Columbian Ground Squirrel          3         1.2        451
California Ground Squirrel        11         4.4        727
Tree Squirrel                      1         0.4        533
Unidentified Vole                  1         0.4         49
Bushy-tailed Woodrat               1         0.4        310
Northern Pocket Gopher             1         0.4        104
Striped Skunk                      3         1.2       4500
Coyote (immature)                 17         6.8       2043
Coyote (ad. carrion)               3         1.2
Deer fawn                         32        12.8       3623
Deer (ad. carrion)                 5         2.0
Bighorn Sheep (ad. carrion)        1         0.4
Unidentified large mammal          2         0.8

TOTAL MAMMALS                    138        56.4

Red-tailed Hawk                    2         0.8       1056
Chukar Partridge                  11         4.4        602
Pheasant                           4         1.6       1138
Blue Grouse                        5         2.0        907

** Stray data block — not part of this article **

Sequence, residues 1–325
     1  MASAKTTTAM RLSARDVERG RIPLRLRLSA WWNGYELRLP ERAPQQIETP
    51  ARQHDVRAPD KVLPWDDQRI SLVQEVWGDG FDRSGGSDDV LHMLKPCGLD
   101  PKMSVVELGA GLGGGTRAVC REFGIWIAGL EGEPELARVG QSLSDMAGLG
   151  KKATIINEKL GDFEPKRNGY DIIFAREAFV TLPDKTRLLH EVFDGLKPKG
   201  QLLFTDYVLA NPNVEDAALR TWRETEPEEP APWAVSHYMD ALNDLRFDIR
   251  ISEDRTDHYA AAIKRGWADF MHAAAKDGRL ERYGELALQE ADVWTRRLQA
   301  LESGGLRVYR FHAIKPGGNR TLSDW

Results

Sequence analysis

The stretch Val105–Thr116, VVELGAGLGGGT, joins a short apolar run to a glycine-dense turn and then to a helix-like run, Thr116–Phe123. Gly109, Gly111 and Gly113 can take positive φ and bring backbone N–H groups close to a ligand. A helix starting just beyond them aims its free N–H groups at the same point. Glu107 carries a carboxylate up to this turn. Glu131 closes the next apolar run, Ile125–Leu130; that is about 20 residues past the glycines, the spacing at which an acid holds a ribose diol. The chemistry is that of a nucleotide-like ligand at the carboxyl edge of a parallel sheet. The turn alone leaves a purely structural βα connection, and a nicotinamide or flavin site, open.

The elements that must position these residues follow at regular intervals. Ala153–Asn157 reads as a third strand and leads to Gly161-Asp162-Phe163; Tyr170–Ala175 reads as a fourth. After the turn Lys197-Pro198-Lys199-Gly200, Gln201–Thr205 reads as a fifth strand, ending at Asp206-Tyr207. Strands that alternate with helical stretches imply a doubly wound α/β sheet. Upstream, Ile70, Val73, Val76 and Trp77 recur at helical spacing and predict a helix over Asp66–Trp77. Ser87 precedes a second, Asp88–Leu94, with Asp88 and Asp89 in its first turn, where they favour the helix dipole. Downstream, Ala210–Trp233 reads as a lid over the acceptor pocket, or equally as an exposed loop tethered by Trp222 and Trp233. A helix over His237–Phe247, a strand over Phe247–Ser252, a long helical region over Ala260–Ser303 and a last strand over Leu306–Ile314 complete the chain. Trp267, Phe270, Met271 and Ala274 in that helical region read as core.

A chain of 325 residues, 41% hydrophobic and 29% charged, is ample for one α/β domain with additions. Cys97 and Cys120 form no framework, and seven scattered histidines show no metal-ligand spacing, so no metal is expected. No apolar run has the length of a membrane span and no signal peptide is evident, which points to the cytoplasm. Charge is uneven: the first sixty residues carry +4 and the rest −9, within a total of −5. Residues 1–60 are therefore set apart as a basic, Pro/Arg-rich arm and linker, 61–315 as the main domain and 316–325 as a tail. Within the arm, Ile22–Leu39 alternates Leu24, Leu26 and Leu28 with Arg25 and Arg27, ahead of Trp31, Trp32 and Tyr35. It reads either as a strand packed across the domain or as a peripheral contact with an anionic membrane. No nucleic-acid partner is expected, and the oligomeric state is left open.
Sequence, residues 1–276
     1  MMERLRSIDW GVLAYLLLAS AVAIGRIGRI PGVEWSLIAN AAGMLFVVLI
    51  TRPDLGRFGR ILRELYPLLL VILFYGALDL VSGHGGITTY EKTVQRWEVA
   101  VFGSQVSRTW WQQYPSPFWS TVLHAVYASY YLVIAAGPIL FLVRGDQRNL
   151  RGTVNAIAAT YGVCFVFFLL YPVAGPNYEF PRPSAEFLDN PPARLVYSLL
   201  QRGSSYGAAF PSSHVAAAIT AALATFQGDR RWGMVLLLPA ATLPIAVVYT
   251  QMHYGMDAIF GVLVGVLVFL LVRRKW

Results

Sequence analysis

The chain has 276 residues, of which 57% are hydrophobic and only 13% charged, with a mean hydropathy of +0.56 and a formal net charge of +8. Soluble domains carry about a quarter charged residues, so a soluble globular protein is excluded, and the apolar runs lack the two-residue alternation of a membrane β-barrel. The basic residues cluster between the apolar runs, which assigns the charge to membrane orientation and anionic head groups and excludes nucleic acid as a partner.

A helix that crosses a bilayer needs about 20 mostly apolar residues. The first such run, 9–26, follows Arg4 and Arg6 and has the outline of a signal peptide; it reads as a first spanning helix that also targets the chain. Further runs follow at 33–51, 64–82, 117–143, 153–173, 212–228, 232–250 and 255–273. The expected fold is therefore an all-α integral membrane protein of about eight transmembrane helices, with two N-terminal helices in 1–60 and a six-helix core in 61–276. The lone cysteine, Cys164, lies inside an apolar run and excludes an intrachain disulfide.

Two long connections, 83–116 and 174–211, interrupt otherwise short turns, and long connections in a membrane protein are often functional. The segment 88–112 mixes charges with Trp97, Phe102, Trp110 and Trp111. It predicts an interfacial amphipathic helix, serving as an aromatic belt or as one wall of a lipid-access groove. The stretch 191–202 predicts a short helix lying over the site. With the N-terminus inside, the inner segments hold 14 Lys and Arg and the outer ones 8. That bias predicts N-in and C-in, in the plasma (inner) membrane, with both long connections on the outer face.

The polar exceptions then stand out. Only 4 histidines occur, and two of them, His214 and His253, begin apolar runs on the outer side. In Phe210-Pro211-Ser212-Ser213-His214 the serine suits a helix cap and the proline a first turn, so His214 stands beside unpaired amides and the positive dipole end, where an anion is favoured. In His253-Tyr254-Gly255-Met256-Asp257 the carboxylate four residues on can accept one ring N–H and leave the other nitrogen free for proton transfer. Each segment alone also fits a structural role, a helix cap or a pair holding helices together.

Ruffed Grouse                     10         4.0        557
Wild Turkey                        5         2.0       5800
Rock Dove                          2         0.8        332
Mourning Dove                      1         0.4        120
Great Horned Owl                  11         4.4       1505
Short Eared Owl                    2         0.8        348
Western Screech Owl                3         1.2        150
Barn Owl                           1         0.4        460
Northern Flicker                   3         1.2        155
Hairy Woodpecker                   2         0.8         66
White-headed Woodpecker            1         0.4         61
Lewis's Woodpecker                 1         0.4        115
Clark's Nutcracker                 1         0.4        130
Stellar's Jay                      3         1.2        125
American Magpie                   12         4.8        170
American Crow                      6         2.4        384
Common Raven                       8         3.2       1200
European Starling                  1         0.4         82
Western Bluebird                   1         0.4         29
Unidentified passeriformes         7         2.8        100

TOTAL BIRDS                      101        41.2

Gopher Snake                       1         0.4        250
Unidentified snake                 4         1.6        250